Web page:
Gregory W. Herring
Electronically stored information (“ESI”) is information that is stored in technology having electrical, digital, magnetic, wireless, optical, electromagnetic or similar capabilities. Electronic Discovery, or e-discovery, is the use of legal means to obtain ESI in the course of litigation for evidentiary purposes. Together, they constitute interesting and important considerations and challenges that overlay family law as well as traditional civil litigation.
But ignorance of and resistance to dealing with ESI remains high. An experienced and well-respected judge in one of my cases recently asked in the middle of an e-discovery hearing, “what is ESI?”!
In a recent meeting of managing partners of Southern California law firms, one participant bragged that his large firm accepts discovery productions of emails and websites solely through hard copy printouts. It was lost on him that discovery of ESI in its native form can reveal metadata (hidden “data regarding data”) potentially critical to a case. It can be much more efficient to transfer from computers and devices in its native format. It can be reviewed by technology that is much more efficient than human eyeballs.
A 2016 survey of federal judges and attorneys addressed e-discovery best practices and trends. Grabbing attention was their observation
that being under-educated and under-prepared in e-discovery “is no longer an option.” They continued, “disruptive change is needed for lawyers to become e-discovery competent.”
(The survey can be obtained through exterro.com.)
In his 2015 Year-end Report on the Federal Judiciary, Chief Justice John Roberts emphasized that new changes to the Federal Rules of Civil Procedure are in part intended to “address serious new problems associated with vast amounts of [ESI].”
Last year, the California State Bar issued a formal Opinion, providing guidance relating to ESI and e-discovery. (State Bar of California’s Standing Committee on Professional Responsibility and Conduct (“COPRAC”) Formal Opinion No 2015- 193.) The Opinion points out that electronic document creation and/or storage, and electronic communications have become commonplace in modern life. It acknowledges that discovery of ESI is now a frequent part of almost any litigated matter. It emphasizes that attorneys who handle litigation may not ignore the requirements and obligations of electronic discovery.
“ESI is now an accepted part of a law practice, and may not be ignored simply because counsel may be ‘highly experienced’ in other aspects of
litigation. Failure to be adequately prepared to conduct e-discovery qualifies as ‘ethical incompetence.” (A. Marco Turk.)
While not every litigated case involves e-discovery, in today’s technological world almost every litigated case potentially does. As the Opinion emphasized, “the chances are significant that a party or a witness has used email or other electronic communication, stores information digitally, and/or has other forms of ESI related to the dispute.”
Attorneys handling e-discovery should be able to perform (either by themselves or in association with competent co-counsel or expert consultants) the following:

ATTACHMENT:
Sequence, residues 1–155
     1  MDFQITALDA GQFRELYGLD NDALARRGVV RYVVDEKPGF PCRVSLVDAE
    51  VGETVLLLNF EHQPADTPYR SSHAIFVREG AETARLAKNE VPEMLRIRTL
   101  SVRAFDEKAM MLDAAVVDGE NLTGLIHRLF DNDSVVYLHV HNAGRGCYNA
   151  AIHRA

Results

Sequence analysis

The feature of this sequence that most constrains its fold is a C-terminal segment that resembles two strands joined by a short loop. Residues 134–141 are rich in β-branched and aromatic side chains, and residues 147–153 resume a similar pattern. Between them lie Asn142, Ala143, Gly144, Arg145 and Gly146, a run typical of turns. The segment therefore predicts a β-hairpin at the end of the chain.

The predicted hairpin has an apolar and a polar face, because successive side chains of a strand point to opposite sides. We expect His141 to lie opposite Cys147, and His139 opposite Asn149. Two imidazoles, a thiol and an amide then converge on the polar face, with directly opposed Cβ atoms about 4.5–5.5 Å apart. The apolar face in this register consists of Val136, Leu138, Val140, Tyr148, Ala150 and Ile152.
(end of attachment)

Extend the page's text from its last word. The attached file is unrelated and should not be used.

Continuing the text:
- Initially assess e-discovery needs and issues, if any;
- Implement/cause to implement appropriate ESI preservation procedures;
- Analyze and understand a client’s ESI systems and storage;
- Advise the client on available options for collection and preservation of ESI;
- Identify custodians of potentially relevant ESI;
- Engage in competent and meaningful meet and confer with opposing counsel concerning an e-discovery plan;
- Perform data searches;
- Collect responsive ESI in a manner that preserves the integrity of that ESI, and
- Produce responsive non-privileged ESI in a recognized and appropriate manner.
Commonly heard push-back includes complaints that many clients cannot financially afford substantial ESI attention and that attorneys want to practice law, not computer forensics.
But properly handling these issues and tasks need not cause heartburn. Rather, a practical and economical standard plan can easily include:
- Screening each incoming new case for ESI/e-discovery issues and tasks as part of the regular intake process – just add some new items to the usual intake checklist;
- Warning new clients through standard letters of the importance of ESI in the modern litigation environment and the need to preserve all hardware (smart phones, computers and other devices) and data when anticipating and while in litigation;
- Assessing clients’ personal and business ESI storage systems. This can be as simple as learning whether an individual stores her personal data in a popular telecommunications cloud (icloud, etc.) or more complex, in the case of a businessperson, for instance. In the latter cases, a computer forensics professional can be retained to perform a basic audit, from which further assessments and planning can spring. At our firm, we regularly retain a local forensic who provides clients with no-charge initial audits, which we then use to budget and plan in concert with the client.
- Sending “ESI hold” letters to opposing counsel and then monitoring when it looks like ESI might be an issue.
Negligence or lack of basic knowledge regarding ESI and e-discovery requirements constitutes professional incompetence. Our firm has gathered a variety of letters, checklists and other communications designed to help manage ESI and e-discovery challenges. Please contact us at: firstname.lastname@example.org if you would like a set. We would be pleased to assist toward achieving e-discovery competence.
Greg Herring is a CFLS and is the principal of Herring Law Group, a family law firm serving the 805 with offices in Santa Barbara and in Ventura County. He is a past president of the Southern California Chapter of the American Academy of Matrimonial Lawyers and is a Fellow of the International Academy of Family Lawyers.